“How long do I have to live?”

It’s one of the hardest questions to consider for those with advanced, incurable diseases, such as terminal cancer. But it’s a question that deserves the most honest and accurate answer possible. The prognosis for each individual is different with factors such as age, genetic markers, functional ability, and other variables affecting individual outcomes. But one thing is certain; everyone deserves the best quality of life possible, regardless of the answer to this question.

No one can truly know how to handle the mixture of emotions that arise after receiving a terminal diagnosis. Patients faced with having days, weeks, or months left to live want to spend that time with their families and loved ones. They want to remain mentally  acute and experience the touch of others. What they do not want is to be an emotional or physical burden to their families.

For millions of people throughout the United States, hospice may be the answer. “Hospice is a special kind of care provided to patients and families during one of life’s most sacred journeys. Each patient’s journey is unique to that individual. It’s our commitment to treat each person with dignity, respect, and grace,” says Lisa DiLuigi, Certified Hospice and Palliative Care Nurse and Director of Legacy Hospice of the Piedmont.

Hospice Care

DiLuigi says, “Patients eligible for hospice have a life expectancy of 6 months or less if the disease runs its natural course. Hospice manages patients with life-limiting illnesses whose goals are no longer to seek curative measures, but to have the highest possible quality of life for as long as they have left.”

Hospice focuses on several elements to ensure a patient’s, as well as their family’s comfort. A multidisciplinary hospice team including physicians, nurses, therapists, social workers, spiritual leaders, and volunteers, offer support and guidance for family members before and after a patient’s passing. “Everyone involved in our organization, from nurses and doctors, to volunteers, clergy, and our administrative staff is very passionate about managing patients at the end of their lives,” DiLuigi says. “It is a sacred time and everyone who works with us or is a part of our team is committed to providing the highest level of end of life quality care and support to our patients and their families.”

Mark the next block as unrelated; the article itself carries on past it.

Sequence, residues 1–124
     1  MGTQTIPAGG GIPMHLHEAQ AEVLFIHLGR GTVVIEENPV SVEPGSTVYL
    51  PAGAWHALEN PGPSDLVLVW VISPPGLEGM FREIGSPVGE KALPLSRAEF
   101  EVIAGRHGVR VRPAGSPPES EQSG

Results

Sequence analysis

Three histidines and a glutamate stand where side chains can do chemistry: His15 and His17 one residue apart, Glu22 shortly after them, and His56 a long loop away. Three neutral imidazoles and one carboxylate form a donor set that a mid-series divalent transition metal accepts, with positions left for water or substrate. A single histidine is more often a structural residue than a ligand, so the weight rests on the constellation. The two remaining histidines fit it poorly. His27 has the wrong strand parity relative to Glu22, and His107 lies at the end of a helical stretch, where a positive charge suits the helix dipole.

In hospice, easing discomfort (or providing palliative care) is a primary focus. A physician who specializes in palliative medicine leads the multidisciplinary team and treats pain and discomfort with medications and other resources uniquely tailored for the individual patient. Getting the family involved is also an important part of hospice care. Families are encouraged to provide support, comfort, help, and to be involved in the patient’s daily activities. Family involvement can benefit the patient as well as family members. With the help of the hospice team, families can understand what happens to people when they are dying.

The Palliative Approach

While not hospice care, palliative care and hospice care often correlate. Palliative medicine is defined as treatment used to relieve discomfort when there is no curative solution for an illness.

For patients who receive a terminal diagnosis and do not wish to “aggressively treat” their disease, palliative care can offer better quality of life by providing comfort, symptom management, and options for less invasive treatment that may slow the disease process while protecting quality of life.